Erotic texts, especially ones dealing with tentacled or monstrous sex, have a long-history in Japan. Classically known as Shunga they date back to the Edo era (1603-1867). Modern Japanese erotic or pornographic texts are known, in the West, as hentai. Hentai differentiates itself from live-action pornography through its use of narrative to frame the sex acts depicted rather than being framed by them. It should be noted that the Japanese rarely use this term, which when translated means “abnormal” or “perverted,” to describe pornographic anime. They differentiate it from non-pornographic texts by shrink-wrapping and labelling them as “not for sale to those under the age of 18,” by calling them H-anime, or by using the term (y-)etchi, signifying an attempt to pronounce the letter H (Drazen, 2003, p. 60). According to Zitomer, the typical hardcore, live-action narrative “consists [solely] of sexual action”. There is “no real story, no characters or character development, [and] no attempt at imaginative camerawork” (qtd. in Pattern, pp. 115-116). The sex displayed in hentai, on the other hand, is only one part of the narrative; it does not comprise it entirely. In other words, if you remove the sex in hentai there is still a plot to carry the narrative forward. Sex, therefore, is used as a means to an end rather than as an end onto itself. Unlike its live-action counterpart, Japanese animated pornography is, therefore, “both thematically wide-ranging and narratively complex” and is also able to differentiate itself from other narratives within the genre (Napier, 2001, p. 64). Hentai artists and animators (therefore) must remain innovative, continually creating more sensationalistic titles to keep the audience’s interest. For example, one way that they can accomplish sustained audience interest is to integrate sex into narratives “that are . . . related to the fantastic, [the horror,] the occult, or science fiction” (Napier, 2001, p. 64).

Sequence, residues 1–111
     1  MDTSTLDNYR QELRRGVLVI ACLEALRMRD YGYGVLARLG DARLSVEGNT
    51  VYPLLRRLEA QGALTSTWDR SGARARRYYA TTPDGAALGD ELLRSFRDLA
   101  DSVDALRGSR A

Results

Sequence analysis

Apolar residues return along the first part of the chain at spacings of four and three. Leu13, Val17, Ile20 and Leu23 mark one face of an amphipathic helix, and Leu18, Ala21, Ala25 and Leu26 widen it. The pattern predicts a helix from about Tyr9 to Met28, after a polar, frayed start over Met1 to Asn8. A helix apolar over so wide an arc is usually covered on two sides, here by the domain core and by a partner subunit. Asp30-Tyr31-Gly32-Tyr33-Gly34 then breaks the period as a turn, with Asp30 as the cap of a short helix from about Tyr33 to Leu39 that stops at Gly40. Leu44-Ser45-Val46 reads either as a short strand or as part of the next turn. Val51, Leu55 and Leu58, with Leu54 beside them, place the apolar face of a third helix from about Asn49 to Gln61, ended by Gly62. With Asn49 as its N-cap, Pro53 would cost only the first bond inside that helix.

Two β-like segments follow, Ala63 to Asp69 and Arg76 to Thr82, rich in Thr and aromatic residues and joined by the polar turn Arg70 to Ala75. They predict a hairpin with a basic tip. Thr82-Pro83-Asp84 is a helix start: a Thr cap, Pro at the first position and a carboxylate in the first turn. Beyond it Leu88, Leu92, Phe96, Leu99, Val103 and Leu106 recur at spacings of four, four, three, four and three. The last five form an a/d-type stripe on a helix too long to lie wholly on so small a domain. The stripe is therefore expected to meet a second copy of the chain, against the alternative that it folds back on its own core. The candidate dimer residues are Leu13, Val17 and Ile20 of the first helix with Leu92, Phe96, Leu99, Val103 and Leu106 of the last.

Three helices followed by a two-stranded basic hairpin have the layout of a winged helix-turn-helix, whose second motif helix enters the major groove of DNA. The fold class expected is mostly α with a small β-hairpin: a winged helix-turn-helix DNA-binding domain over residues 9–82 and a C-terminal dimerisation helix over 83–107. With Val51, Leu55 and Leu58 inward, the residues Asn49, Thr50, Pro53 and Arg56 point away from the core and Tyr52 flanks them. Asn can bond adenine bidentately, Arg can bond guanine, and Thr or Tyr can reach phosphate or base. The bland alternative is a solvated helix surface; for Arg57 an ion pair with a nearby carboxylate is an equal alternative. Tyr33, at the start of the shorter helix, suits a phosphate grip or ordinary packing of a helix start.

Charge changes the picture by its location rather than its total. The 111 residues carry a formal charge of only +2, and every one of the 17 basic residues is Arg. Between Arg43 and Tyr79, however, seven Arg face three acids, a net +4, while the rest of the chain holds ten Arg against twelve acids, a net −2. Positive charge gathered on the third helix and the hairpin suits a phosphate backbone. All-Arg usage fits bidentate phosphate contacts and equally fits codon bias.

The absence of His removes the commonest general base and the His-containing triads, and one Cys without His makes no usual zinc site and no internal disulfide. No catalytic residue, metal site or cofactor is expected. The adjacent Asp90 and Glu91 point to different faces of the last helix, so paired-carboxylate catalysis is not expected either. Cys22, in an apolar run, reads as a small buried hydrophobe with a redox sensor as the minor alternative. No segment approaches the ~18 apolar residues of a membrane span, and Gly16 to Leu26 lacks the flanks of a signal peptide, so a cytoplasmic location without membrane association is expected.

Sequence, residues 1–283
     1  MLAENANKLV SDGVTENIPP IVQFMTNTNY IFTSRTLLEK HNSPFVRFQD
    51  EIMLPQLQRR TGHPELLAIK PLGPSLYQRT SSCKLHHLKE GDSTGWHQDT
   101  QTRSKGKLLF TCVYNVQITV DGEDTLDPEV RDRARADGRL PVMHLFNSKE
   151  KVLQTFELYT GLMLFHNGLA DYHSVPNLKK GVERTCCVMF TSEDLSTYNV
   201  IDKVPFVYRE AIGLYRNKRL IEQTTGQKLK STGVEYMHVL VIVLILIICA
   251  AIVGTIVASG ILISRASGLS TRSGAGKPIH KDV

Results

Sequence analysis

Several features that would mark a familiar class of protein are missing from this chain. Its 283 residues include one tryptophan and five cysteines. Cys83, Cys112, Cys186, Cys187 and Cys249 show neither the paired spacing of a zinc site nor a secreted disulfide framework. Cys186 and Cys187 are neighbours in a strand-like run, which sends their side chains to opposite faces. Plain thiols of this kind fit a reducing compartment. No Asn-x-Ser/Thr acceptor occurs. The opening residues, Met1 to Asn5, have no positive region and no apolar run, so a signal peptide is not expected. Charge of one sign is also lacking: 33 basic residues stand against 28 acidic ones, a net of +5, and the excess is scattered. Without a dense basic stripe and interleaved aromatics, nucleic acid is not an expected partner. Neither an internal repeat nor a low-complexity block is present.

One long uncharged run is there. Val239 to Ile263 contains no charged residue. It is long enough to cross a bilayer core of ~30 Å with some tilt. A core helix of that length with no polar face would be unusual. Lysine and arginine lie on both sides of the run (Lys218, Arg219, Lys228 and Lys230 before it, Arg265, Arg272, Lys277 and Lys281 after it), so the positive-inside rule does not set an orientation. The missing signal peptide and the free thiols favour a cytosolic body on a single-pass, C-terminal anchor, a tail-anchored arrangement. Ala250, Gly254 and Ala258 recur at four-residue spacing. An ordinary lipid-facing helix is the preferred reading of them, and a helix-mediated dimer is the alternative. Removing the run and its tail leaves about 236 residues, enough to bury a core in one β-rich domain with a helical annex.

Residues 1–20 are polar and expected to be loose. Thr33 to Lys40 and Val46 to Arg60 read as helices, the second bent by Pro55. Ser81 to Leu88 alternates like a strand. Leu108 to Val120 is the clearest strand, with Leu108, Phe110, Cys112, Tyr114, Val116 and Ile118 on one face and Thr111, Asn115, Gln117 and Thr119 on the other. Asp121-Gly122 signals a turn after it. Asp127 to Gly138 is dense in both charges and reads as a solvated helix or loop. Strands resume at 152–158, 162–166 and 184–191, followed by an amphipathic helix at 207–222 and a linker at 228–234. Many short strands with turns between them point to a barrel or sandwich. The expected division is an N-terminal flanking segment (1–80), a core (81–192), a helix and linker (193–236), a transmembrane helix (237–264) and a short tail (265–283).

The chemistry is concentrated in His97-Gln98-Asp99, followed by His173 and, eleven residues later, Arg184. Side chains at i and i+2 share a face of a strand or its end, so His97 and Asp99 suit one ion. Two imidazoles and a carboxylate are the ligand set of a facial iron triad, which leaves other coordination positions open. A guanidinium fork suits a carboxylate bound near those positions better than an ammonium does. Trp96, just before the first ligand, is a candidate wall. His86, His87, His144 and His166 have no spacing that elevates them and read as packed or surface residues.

Its focus on plot and characterization as well as the originality and creativity exhibited by its authors and animators has resulted in some theorists describing hentai as “the next step in animated storytelling” (Pattern, 2004, p. 116). The shift from episodic depictions of sex with very little plot to a plot-centred narrative with some sex scenes marks a dramatic shift in how pornography is presented in Western society. As a testament to the popularity of sex with a narrative storyline you only need to look at the numbers: hentai accounts for anywhere from 15-40% of the anime market in Japan. However, it only enjoys marginalized mainstream success in North America indicating that North Americans still prefer live-action, hardcore pornography. So while anime and hentai are no longer only in the domain of science fiction (and I say this lovingly as I am both) geeks and nerds, “the American general erotic video/TV market does not seem to be interested in tapping into the lode of Japanese animated titles” (Pattern, 2004, p. 118).